Personal Narratives in Design: An Inside Look at Wow!House 2024

Last week in Clerkenwell, the UK’s London hub for commercial interior furnishing suppliers, we listened to many conversations focused on the lines between commercial subsectors including hospitality, workplace, and residential becoming increasingly faded.

Design Centre Chelsea Harbour, renowned for housing the UK’s leading high-end furnishing suppliers, primarily serves professional designers and architects working on prestigious residential projects, as well as design enthusiasts seeking inspiration for their homes. With over 130 showrooms and more than 600 international brands, many of these suppliers also cater to the commercial sector, attracting a growing number of commercial interior designers.

Today, we see not only a crossover between commercial sectors but also a convergence of residential and commercial projects.

Mamou Mani facade. Photograph By James McDonald

Running from 4 June to 4 July 2024, the award-winning Wow!House is located within the Design Avenue at Design Centre Chelsea Harbour. This unique showhouse spans 500 sq m, featuring 19 full-size rooms and outdoor spaces. Each space is uniquely designed by world-class interior designers, collaborating with globally recognized brands and top-tier suppliers.

Claire German, CEO of Design Centre, Chelsea Harbour, says:

“Our goal is to pioneer a sense of wonder; to amaze and inspire by showing the world what extraordinary achievements can be made when our talented industry comes together in such an ambitious and exceptional way.”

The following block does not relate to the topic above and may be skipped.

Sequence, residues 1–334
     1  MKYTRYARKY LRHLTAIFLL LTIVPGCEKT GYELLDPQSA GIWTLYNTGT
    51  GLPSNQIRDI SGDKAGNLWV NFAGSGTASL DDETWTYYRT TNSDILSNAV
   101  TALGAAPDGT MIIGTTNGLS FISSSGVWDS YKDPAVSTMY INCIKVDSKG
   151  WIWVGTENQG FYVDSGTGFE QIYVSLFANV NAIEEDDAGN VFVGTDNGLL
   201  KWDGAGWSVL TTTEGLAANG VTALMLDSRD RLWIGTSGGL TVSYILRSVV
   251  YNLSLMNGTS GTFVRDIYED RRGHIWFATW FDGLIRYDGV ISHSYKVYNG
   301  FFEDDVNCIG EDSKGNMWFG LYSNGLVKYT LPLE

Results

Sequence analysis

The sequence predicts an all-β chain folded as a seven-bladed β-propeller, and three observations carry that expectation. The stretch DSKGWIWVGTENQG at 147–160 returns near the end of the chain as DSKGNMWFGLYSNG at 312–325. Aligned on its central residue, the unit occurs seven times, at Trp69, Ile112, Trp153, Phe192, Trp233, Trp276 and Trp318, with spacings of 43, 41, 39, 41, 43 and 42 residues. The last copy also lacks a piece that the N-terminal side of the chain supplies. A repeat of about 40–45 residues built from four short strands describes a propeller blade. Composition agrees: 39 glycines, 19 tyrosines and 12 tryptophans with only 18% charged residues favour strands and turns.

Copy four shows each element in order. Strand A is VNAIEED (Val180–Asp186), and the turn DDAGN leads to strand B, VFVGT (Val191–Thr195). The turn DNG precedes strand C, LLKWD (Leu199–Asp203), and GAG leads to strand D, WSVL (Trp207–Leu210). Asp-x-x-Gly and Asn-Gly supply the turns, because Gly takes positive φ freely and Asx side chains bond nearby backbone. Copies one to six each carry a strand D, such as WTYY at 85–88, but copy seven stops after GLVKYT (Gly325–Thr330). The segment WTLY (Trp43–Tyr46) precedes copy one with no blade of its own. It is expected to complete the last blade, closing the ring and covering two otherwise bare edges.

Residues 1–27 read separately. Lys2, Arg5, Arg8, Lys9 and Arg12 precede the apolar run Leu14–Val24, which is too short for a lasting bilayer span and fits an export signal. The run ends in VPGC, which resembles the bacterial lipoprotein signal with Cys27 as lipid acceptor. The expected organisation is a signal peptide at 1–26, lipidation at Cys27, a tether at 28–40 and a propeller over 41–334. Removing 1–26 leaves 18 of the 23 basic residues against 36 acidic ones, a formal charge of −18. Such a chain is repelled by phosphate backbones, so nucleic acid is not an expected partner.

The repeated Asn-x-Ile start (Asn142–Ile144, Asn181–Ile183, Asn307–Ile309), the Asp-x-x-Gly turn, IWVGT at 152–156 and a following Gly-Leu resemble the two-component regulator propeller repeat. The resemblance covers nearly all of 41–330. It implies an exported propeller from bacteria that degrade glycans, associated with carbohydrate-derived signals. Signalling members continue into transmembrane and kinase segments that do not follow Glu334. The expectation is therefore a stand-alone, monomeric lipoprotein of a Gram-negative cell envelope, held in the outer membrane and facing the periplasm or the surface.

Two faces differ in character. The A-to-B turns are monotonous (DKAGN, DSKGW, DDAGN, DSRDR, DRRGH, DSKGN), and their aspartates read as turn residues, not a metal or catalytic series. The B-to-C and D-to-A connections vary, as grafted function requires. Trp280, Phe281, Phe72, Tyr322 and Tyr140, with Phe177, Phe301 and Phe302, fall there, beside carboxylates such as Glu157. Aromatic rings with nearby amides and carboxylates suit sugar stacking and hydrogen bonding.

Design Insider visited Wow!House to unearth design passion, inspiration, and concepts that seamlessly integrate into both residential and commercial settings. In this article we showcase the 6 rooms which caught our eye, for their interior decoration, but also because of the personal narratives imbued into the spaces by the designers.

Zoffany Entrance Hall by Benedict Foley:

Multidisciplinary creative Benedict Foley, celebrated for his work across interiors, design, and art, brings a narrative and emotive approach to his projects. For Zoffany’s entrance hall, Benedict drew inspiration from the 1963 film “The Leopard” by Luchino Visconti, specifically its grand ballroom scene. His design aims to capture the fluid volumes and elegant shapes that glide across the ballroom floor.

Zoffany Entrance Hall by Benedict Foley. Photograph by James McDonald